Overview of Azure App Services

Author by Tim Gabrhel

Before I can tell you about Azure’s new App Services, first let’s take a step back and look at the history of Platform as a Service (PaaS) on Azure, which is Cloud Services.

Cloud Services

Cloud Service’s is a PaaS service offering from Azure that provides a cloud environment that automatically manages provisioning of Virtual Machines, scaling your application out (adding more instances of your application, on more virtual machines, and automatically load balancing them), scaling up (increase the amount of CPU, RAM, and Disk space available to you), and automatic operation system patching so you’re always up to date. These are the underlying foundation to all of PaaS services offered on Azure (which we’ll see more of later).

Cloud services are made up of Web & Worker Roles. Web roles run websites, and worker roles run background code (and do not expose port 80). Each role is automatically deployed to a virtual machine, and for this reason, we also have Remote Desktop access to log in to the server. The virtual machines state is not guaranteed and can be rebooted or deleted at any point in time. This is the power of the Azure platform as a service, spinning up & down virtual machines as necessary to guarntee your uptime, OS patching, system reboots, and moving applications off of physical hardware that might be failing in an Azure data center.

When you have a cloud service, you have full system level access to the underlying host, and can make system level changes such as modifying the HOSTS file, IIS settings. These changes to the system must performed as startup tasks that are bundled with your cloud service package, so when your application is spun up on another server, these changes are automated and always set.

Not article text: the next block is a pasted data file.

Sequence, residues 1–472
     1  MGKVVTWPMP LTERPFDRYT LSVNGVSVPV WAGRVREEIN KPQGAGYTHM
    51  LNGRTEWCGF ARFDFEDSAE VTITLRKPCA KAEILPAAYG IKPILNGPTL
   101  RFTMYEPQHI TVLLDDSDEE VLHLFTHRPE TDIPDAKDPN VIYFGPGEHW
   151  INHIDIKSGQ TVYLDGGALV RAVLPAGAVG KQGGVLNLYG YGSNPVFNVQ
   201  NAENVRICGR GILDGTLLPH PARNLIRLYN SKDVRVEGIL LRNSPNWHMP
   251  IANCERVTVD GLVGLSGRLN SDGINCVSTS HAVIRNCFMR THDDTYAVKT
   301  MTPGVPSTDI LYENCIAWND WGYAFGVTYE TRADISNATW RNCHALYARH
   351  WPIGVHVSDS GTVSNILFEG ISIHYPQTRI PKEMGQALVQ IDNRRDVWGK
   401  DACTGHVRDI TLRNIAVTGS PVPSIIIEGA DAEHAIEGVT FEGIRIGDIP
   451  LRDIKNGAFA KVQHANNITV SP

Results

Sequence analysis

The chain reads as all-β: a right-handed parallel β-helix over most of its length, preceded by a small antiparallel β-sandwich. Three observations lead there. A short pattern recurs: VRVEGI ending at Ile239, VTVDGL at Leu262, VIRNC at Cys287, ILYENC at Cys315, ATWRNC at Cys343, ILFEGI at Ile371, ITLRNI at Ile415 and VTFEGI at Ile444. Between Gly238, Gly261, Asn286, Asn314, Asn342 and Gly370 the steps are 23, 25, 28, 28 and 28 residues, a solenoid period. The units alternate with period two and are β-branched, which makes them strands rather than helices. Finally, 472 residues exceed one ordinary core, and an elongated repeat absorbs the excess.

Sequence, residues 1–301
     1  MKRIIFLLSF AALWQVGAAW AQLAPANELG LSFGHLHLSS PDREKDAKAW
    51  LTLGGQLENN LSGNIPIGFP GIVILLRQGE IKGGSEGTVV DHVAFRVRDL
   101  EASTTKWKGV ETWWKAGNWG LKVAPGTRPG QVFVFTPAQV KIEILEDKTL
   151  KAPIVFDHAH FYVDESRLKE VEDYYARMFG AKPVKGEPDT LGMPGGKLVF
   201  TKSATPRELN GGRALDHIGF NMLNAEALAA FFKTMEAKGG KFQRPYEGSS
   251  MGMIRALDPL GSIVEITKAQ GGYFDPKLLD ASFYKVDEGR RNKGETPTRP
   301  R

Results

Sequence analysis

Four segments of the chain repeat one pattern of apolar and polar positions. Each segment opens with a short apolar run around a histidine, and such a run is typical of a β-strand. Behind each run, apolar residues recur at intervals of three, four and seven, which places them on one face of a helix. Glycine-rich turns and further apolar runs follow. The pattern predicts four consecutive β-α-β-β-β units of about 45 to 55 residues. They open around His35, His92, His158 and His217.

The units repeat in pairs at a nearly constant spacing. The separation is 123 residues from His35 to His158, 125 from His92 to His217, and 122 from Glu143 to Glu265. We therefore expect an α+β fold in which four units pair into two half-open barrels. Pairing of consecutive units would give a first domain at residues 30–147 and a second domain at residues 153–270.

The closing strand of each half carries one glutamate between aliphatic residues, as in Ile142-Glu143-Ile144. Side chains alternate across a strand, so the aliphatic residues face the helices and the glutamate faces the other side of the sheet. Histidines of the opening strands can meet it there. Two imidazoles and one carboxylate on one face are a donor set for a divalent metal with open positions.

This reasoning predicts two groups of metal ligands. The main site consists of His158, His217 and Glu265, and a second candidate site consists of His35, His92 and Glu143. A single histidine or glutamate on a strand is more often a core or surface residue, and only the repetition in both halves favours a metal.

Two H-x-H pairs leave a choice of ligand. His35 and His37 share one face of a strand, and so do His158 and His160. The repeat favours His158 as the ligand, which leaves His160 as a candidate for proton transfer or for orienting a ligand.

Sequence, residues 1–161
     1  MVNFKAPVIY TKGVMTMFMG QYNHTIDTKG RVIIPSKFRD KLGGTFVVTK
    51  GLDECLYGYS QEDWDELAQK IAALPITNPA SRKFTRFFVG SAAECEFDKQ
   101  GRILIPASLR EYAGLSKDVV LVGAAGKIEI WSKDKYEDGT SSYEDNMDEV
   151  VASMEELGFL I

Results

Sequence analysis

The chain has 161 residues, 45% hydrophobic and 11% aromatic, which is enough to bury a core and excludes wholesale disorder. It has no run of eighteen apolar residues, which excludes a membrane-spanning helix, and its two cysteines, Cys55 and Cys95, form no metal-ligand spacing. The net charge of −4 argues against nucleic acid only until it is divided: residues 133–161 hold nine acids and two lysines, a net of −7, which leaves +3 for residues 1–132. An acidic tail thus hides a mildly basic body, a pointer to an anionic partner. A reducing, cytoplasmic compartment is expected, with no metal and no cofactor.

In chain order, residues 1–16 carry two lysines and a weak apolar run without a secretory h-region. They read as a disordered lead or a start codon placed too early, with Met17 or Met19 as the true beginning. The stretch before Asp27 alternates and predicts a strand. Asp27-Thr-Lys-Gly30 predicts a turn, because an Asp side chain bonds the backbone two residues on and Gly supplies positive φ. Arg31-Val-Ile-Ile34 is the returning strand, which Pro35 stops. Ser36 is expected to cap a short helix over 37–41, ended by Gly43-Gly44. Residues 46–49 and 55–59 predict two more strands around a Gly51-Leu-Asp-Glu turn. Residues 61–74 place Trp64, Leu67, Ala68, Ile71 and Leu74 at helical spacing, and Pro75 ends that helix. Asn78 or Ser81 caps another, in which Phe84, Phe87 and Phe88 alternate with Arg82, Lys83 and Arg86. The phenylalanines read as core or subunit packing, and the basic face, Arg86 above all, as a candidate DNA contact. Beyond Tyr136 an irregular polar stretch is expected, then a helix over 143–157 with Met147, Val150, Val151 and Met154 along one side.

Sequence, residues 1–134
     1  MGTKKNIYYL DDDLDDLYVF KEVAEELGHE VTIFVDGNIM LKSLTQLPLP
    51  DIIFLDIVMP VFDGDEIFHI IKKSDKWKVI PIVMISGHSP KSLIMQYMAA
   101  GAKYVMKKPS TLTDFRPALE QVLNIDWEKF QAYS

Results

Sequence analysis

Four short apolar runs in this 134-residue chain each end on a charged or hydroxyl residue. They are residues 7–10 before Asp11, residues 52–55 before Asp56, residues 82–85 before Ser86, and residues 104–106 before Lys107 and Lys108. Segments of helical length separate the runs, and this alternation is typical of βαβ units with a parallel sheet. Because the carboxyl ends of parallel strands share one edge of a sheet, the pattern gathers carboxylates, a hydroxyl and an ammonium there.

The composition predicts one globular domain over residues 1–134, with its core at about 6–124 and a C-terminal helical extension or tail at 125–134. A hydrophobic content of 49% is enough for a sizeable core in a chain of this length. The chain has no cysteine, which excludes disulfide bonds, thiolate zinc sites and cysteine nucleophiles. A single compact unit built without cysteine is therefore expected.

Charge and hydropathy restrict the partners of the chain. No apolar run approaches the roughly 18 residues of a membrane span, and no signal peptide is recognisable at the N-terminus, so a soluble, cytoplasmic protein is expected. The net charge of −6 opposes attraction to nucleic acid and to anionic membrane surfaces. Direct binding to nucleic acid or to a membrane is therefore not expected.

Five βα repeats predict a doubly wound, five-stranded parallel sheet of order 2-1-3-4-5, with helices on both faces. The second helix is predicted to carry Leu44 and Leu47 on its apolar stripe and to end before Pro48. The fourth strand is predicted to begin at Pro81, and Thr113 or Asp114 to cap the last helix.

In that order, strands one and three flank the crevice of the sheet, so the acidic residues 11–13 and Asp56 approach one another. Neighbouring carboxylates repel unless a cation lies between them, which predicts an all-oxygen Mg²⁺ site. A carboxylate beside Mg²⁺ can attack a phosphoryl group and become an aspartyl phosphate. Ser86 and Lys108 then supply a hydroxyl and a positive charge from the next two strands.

App Services

Azure App Services is a platform as a service that enables developers to rapidly create, deploy, manage, and scale web applications, API’s, and mobile applications.

App Service Plan

An App Service Plan (ASP) contains the set of features and resources available to your apps such as hardware capacity (CPU & RAM), custom domains and so on. In the past, a single web site had a plan and price assigned to it. If you wanted another site, you had another cost associated. With ASP’s, we can pay for a single set of resources and share it across multiple apps within our App Service.

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For example, your primary web site & a very lightly used web app that doesn’t require a lot of resources. With ASP’s, you only pay for the plan resources and share it across the applications.

To read more in depth on ASP’s, read here. We will cover more advanced scaling & grouping of resources in the App Service Environments topic below.

Web Apps (formerly Web Sites)

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Web Apps are the next evolution of PaaS for web applications and similar applications after Cloud Services. While cloud services give you full access to the underlying virtual machine and more control, web apps abstract all of the internals and underlying systems, and make up for it with features.

  • Cost – With App Service Plans, web apps can deploy multiple sites to the same costed service, whereas cloud services require separate roles (and therefore separate VM’s, which incur separate costs, to host additional sites)
  • Traffic – Web App’s only allow traffic on ports 80/443, whereas cloud services support a much wider range of ports (worker roles don’t support 80, and cannot run IIS).
  • Slots – Web Apps have deployment slots, which allow us to deploy multiple versions of our application into the same enivronment, on different sub-domains. We can swap the deployments across any slot at any time (want to test just one specific feature, create a slot). Deployment slots are just another web app with a tight coupling to the parent. You can even set up A/B testing across 2 or more slots.